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How The Truth Commission got its reconciliation

Holbrook, Rosalind (2011) How The Truth Commission got its reconciliation. Doctor of Philosophy (PhD) thesis, University of Kent. (doi:10.22024/UniKent/01.02.94421) (KAR id:94421)

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This thesis explains how the truth commission got its reconciliation. Truth commissions are one of the most popular mechanisms used to foster reconciliation in the aftermath of violent conflict (Hauss 2003, Borer 2006, Daly and Sarkin 2007, Moon 2008). It is increasingly accepted that for peace to be sustained, a culture of reconciliation must be promoted (Lederach 1997, Montville 2006, Volkan 2006, Daly and Sarkin 2007). To assess the contribution made by truth commissions to reconciliation is thus critical. However, such an assessment is currently stalled by an impasse in the literature, which finds determining reconciliation’s meaning complex and operationalising conceptions of reconciliation difficult at the empirical or theoretical level (Daly and Sarkin 2007, Borer 2006). This thesis offers no argument on the general claim that truth commissions reconcile. Instead, explains the insertion of reconciliation within the truth commission model in order to increase future truth commissions’ potential for reconciliation.

This thesis argues that South Africa was the first truth commission to be perceived as reconciliation centric. This, it argues, was the result of two things. First, that a politically aware ANC used the word ‘reconciliation’ to ameliorate feelings of injustice regarding the Commission’s amnesty provision and fears of the Commission revealing a painful or dangerous truth. Although its legislators did not intend it to promote reconciliation, the language of the Commission’s founding Act was thus softened with a clause instructing that its tasks be carried out with the overarching aim of promoting reconciliation. Second, the Commission was given to Archbishop Desmond Tutu to run. Tutu used his position as Chair of the Commission to propagate his understanding of the Commission’s role: to promote reconciliation. This thesis concludes that a Commission not designed to promote reconciliation is not as well suited to promoting reconciliation as one that was.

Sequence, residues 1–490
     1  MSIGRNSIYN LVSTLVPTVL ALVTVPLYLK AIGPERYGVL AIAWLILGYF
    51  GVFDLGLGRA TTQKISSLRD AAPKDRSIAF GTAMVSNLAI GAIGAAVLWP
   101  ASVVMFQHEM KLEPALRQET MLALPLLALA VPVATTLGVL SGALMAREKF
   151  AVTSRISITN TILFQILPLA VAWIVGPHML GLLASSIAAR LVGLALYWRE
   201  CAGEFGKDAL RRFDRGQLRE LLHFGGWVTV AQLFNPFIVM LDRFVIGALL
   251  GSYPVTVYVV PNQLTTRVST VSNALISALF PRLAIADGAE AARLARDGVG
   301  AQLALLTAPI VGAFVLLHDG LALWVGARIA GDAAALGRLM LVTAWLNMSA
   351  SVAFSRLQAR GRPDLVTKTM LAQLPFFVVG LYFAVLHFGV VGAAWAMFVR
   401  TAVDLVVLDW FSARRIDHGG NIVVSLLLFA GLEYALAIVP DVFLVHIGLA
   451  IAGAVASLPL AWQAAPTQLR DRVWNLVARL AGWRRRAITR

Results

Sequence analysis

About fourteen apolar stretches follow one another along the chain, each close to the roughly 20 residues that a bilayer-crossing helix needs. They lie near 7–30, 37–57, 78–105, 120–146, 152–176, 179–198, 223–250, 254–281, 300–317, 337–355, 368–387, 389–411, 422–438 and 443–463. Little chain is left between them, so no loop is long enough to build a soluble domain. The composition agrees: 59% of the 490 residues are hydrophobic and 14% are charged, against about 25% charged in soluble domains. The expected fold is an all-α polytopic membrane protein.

Item Type: Thesis (Doctor of Philosophy (PhD))
Thesis advisor: Miall, Hugh
Thesis advisor: Blakeley, Ruth
DOI/Identification number: 10.22024/UniKent/01.02.94421
Additional information: This thesis has been digitised by EThOS, the British Library digitisation service, for purposes of preservation and dissemination. It was uploaded to KAR on 25 April 2022 in order to hold its content and record within University of Kent systems. It is available Open Access using a Creative Commons Attribution, Non-commercial, No Derivatives ( licence so that the thesis and its author, can benefit from opportunities for increased readership and citation. This was done in line with University of Kent policies ( If you feel that your rights are compromised by open access to this thesis, or if you would like more information about its availability, please contact us at and we will seriously consider your claim under the terms of our Take-Down Policy (
Subjects: J Political Science
Divisions: Divisions > Division of Human and Social Sciences > School of Politics and International Relations
SWORD Depositor: SWORD Copy
Depositing User: SWORD Copy
Date Deposited: 02 Sep 2022 14:48 UTC
Last Modified: 02 Sep 2022 14:48 UTC
Resource URI: (The current URI for this page, for reference purposes)
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